COLUMBUS, Ohio – Psychologists in the United States have been warned by their professional group not to take part in torturing detainees in U.S. custody.
Now the American Psychological Association has taken the unprecedented step of supporting an attempt to strip the license of a former Spokane psychologist accused of overseeing the torture of a CIA detainee.
The APA has told a Texas licensing board in a letter mailed July 1 that the allegations against Dr. James Mitchell represent “patently unethical” actions inconsistent with the organization’s ethics guidelines.
If any psychologist who was a member of the APA were found to have committed the acts alleged against Mitchell, “he or she would be expelled from the APA membership,” according to the letter, a copy of which was obtained by the Associated Press.
APA spokeswoman Rhea Farberman confirmed its contents. The letter is the first of its kind in the board’s history, she said.
“The allegations put forward in the complaint and those that are on the public record about Dr. Mitchell are simply so serious, and if true, such a gross violation of his professional ethics, that we felt it necessary to act,” Farberman said.
Mitchell is a retired Air Force psychologist who participated in the 2002 CIA interrogation of detainee Abu Zubaydah, according to a 2008 Senate Armed Services Committee report on the treatment of detainees in U.S. custody. Mitchell is not a member of the American Psychological Association. His former Spokane-based firm, Mitchell Jessen & Associates, had a contract with the CIA to develop interrogation techniques that was ended in April 2009. Mitchell previously was connected with the military training program SERE – for Survival, Evasion, Resistance, Escape – based primarily at Fairchild Air Force Base, according to previously published reports. Mitchell Jessen had closed its Spokane office by spring 2009, and Mitchell had by 2007 reportedly left the area for Florida.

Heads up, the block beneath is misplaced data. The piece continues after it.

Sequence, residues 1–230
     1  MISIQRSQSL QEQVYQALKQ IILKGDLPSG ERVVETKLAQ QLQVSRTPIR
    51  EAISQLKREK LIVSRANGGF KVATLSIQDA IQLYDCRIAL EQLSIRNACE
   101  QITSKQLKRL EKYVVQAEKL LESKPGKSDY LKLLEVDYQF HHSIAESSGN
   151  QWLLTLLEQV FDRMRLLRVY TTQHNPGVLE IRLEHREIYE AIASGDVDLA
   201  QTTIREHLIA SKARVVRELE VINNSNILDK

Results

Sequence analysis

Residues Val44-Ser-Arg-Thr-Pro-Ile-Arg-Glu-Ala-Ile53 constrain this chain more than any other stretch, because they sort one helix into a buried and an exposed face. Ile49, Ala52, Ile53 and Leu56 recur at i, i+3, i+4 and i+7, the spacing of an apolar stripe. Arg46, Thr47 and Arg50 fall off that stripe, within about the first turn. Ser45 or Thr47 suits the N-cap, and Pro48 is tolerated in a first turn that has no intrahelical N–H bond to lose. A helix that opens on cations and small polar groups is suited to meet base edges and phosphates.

Interrogators in Thailand subjected Zubaydah to severe cold, food and sleep deprivation, confinement in a narrow box and, with Mitchell participating, a simulated form of drowning known as waterboarding, according to the complaint filed with the Texas State Board of Examiners of Psychologists.
“Regardless of what legal categories these techniques fall within, one conclusion is clear: a psychologist who helps inflict such cruel and shocking abuse on a defenseless human being would appear to have violated basic standards of conduct of the profession,” according to the complaint by Northwestern University law professor Joseph Margulies and filed on behalf of a Texas psychologist.
“Obviously, I’m not free to discuss any work I may have done for the CIA,” Mitchell told the AP. He called the complaint libelous and said it is “riddled throughout with fabricated details, lies, distortions and inaccuracies.”
The APA is monitoring similar filings in Ohio and New York made Wednesday against psychologists who oversaw detainee interrogations at Guantanamo Bay, but has no plans to back those efforts.
The accusations against Mitchell are “at a level of seriousness and credibility that we think is different than any other allegations against other psychologists that we know of,” Farberman said.